Your lawyer should be able to argue that those signs were as a result of allergies, fatigue, sun exposure, cold, physical injury, or eye irritation. The lawyer should also argue that what is identified as alcohol on the breath can be the smell of other things found in alcoholic and non-alcoholic drinks like malt and hops in beer.
The Arresting Officer Did not Adhere to Title 17 Regulations on Chemical Tests
Code of Regulations Title 17 outlines requirements on how chemical tests should be conducted. These requirements include:
- Proper training of the officer conducting the blood, breath, and urine tests
- Regular maintenance and calibration of the chemical testing equipment
- Proper administration of chemical tests
- Proper collection, storage, and handling of urine (although in rare cases) or blood samples
- A fifteen-minute observation by the arresting police officer
Failure to follow Title 17 Regulations could result in tainted chemical test results. A skilled DUI attorney can use the failure to strictly observe even a single requirement to call the investigation into question, hence successfully fight the driving under the influence charges against you.
You were not Driving under the Influence because you were mentally alert
The difference between mental impairment and physical impairment forms a basis of effective DUI legal defense. Typically, the prosecution team will testify that a defendant showed physical signs of impairment, but will occasionally prove that the defendant exhibited mental impairment signs.
DUI toxicologists will tell you that it is uncommon for a drunk person to be physically impaired but not mentally impaired. This is because drugs-related or alcohol impairment at all times presents itself as mental impairment first. As a result, a DUI defense lawyer can argue that a person who displayed no signs and symptoms of mental impairment most likely had other explanations of physical signs that resemble DUI.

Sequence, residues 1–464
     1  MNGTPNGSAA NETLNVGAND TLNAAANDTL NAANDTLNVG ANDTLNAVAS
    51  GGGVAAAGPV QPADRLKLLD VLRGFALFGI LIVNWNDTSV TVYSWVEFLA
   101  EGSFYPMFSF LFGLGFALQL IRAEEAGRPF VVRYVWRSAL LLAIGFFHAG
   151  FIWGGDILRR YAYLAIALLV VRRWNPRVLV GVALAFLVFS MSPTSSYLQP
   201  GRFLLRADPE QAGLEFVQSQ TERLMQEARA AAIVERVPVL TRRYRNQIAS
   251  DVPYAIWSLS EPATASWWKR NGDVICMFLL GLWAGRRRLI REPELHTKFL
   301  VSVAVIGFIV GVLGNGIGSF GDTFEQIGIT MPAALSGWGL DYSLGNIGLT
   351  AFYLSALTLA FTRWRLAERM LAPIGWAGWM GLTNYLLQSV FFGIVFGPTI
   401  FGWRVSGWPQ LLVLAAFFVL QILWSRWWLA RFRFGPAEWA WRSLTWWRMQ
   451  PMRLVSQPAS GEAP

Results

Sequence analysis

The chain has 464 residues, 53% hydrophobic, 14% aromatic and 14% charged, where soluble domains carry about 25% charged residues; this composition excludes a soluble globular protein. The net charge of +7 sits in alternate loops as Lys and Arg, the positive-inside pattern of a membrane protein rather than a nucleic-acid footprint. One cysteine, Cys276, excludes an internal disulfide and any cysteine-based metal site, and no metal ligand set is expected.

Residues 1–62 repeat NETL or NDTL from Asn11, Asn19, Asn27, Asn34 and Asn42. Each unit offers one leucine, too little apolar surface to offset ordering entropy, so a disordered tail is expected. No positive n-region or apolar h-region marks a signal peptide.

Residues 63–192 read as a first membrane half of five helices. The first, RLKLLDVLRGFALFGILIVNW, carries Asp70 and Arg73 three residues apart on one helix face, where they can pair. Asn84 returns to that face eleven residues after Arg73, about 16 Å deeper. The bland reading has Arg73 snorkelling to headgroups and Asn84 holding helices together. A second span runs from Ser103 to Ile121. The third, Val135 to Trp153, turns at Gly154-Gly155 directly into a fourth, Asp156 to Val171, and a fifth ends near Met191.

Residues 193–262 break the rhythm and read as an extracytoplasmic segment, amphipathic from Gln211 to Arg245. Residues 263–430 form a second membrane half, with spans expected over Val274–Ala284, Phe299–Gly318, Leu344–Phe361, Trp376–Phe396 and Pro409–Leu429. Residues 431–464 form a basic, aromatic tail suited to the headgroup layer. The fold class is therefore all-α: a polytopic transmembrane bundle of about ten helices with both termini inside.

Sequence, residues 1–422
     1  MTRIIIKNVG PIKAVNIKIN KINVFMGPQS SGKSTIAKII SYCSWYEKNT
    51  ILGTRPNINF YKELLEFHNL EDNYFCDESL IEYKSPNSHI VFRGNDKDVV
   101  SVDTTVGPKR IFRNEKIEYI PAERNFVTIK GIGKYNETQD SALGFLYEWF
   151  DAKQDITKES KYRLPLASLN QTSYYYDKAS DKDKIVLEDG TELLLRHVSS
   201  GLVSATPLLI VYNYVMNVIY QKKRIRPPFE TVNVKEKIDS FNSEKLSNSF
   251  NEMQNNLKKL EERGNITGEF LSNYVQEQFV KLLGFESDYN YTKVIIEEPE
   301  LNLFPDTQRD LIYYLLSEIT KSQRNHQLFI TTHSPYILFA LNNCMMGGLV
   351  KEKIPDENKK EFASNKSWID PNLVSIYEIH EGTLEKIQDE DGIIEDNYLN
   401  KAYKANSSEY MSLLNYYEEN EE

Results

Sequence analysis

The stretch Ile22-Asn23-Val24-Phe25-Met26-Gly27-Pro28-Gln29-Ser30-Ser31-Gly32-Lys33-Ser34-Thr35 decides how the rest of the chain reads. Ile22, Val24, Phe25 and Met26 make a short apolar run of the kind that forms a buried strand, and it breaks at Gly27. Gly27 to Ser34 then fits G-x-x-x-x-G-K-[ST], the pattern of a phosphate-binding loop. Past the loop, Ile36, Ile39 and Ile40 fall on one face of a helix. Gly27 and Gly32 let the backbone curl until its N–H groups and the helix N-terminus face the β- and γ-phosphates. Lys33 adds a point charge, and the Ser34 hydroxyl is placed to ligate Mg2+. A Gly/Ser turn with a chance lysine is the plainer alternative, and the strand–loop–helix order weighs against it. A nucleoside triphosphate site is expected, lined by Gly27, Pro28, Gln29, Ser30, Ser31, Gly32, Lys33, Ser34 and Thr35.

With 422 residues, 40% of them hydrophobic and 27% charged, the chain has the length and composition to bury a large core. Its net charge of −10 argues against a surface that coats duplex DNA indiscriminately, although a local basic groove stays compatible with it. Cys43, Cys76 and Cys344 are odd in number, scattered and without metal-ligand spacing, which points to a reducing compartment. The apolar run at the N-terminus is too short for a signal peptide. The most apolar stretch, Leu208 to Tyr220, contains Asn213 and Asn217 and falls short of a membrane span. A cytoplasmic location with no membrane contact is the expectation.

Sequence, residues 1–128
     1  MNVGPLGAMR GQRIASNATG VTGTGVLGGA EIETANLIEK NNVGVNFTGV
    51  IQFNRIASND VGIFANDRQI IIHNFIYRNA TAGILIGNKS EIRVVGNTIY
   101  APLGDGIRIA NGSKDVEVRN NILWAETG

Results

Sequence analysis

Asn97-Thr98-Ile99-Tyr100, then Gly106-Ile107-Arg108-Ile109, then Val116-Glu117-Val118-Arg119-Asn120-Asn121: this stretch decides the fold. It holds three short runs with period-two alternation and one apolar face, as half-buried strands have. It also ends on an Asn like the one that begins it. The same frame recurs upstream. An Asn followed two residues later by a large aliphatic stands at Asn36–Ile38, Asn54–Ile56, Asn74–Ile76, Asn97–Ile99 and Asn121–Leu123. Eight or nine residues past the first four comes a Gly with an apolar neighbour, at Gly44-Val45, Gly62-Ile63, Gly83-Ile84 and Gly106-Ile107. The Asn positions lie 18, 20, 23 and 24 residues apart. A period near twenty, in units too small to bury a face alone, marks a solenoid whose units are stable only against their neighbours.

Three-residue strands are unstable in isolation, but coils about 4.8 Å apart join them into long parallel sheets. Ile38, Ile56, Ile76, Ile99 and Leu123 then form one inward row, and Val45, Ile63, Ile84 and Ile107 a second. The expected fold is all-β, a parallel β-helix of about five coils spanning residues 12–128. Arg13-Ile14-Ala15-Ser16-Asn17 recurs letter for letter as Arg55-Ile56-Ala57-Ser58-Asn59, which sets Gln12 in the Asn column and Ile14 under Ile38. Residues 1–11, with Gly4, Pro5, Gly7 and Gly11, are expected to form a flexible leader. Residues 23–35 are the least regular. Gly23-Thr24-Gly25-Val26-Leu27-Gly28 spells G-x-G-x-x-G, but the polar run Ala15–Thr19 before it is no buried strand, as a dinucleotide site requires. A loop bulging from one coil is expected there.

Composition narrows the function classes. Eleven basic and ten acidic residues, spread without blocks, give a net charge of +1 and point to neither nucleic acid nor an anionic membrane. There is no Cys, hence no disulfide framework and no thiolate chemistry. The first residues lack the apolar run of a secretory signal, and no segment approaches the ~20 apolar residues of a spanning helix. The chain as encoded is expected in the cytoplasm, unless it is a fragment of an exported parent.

The arresting Police Officer did not follow the proper procedures
Just like charges of several offenses, failure to follow proper procedures is a significant defense against fourth offense DUI. A DUI investigation should be guided by procedures that protect a defendant from police misconduct. These procedures include:
- A requirement that the law enforcers had probable cause to a traffic stop, DUI arrest, or DUI investigation
- Title 17 regulations and procedures (that were discussed above)
- The police read the Miranda rights before the DUI interrogation.
Miranda rights are warnings that the arresting officer should give before they start questioning you after an arrest. Typically they begin with the statement, "You have a right to remain silent."
If any of the above protections are broken, your lawyer should request a California Penal Code 1538.5 PC hearing (suppression hearing). The hearing acts to:
- Remove any evidence that was not properly acquired, and
- Give your attorney a pre-trial opportunity to bring to light gaps in the prosecution case against you as well as persuade the court to reduce or drop the DUI charges.
DUI Sobriety Checkpoints did not comply with the law
DUI sobriety checkpoints should comply with the following strict legal requirements:
- Having officers organize, oversee, and supervise the checkpoint
- Advertising the roadblock publicly
- Ensure the field police officer follow a predetermined procedure of stopping vehicles
If any of these requirements are not met, your attorney can successfully challenge your arrest and DUI charges.
Rising Blood Alcohol Content
It is not unlawful to consume alcohol before operating a vehicle. What is unlawful is being impaired at the time you operate the car. When you drink alcohol, your blood alcohol content rises steadily and rapidly till it reaches its peak level. During this time, the BAC is said to be "on the rise," which takes approximately fifty minutes.